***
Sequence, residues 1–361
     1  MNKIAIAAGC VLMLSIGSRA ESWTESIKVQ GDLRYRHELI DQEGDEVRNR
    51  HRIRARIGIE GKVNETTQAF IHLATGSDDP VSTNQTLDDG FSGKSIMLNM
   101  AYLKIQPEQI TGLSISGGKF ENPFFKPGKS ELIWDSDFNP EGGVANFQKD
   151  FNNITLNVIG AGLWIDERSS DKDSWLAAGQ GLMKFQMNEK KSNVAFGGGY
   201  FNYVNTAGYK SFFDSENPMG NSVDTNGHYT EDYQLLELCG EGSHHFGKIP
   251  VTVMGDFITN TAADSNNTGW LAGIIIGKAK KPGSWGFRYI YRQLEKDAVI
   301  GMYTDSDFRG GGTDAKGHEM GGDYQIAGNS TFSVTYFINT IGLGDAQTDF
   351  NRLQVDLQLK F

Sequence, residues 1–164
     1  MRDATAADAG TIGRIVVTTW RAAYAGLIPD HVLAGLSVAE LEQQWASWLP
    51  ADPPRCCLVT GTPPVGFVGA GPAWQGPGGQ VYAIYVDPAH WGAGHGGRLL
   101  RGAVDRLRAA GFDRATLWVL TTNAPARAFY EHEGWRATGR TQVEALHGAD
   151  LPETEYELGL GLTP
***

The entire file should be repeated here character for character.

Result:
Sequence, residues 1–361
     1  MNKIAIAAGC VLMLSIGSRA ESWTESIKVQ GDLRYRHELI DQEGDEVRNR
    51  HRIRARIGIE GKVNETTQAF IHLATGSDDP VSTNQTLDDG FSGKSIMLNM
   101  AYLKIQPEQI TGLSISGGKF ENPFFKPGKS ELIWDSDFNP EGGVANFQKD
   151  FNNITLNVIG AGLWIDERSS DKDSWLAAGQ GLMKFQMNEK KSNVAFGGGY
   201  FNYVNTAGYK SFFDSENPMG NSVDTNGHYT EDYQLLELCG EGSHHFGKIP
   251  VTVMGDFITN TAADSNNTGW LAGIIIGKAK KPGSWGFRYI YRQLEKDAVI
   301  GMYTDSDFRG GGTDAKGHEM GGDYQIAGNS TFSVTYFINT IGLGDAQTDF
   351  NRLQVDLQLK F

Sequence, residues 1–164
     1  MRDATAADAG TIGRIVVTTW RAAYAGLIPD HVLAGLSVAE LEQQWASWLP
    51  ADPPRCCLVT GTPPVGFVGA GPAWQGPGGQ VYAIYVDPAH WGAGHGGRLL
   101  RGAVDRLRAA GFDRATLWVL TTNAPARAFY EHEGWRATGR TQVEALHGAD
   151  LPETEYELGL GLTP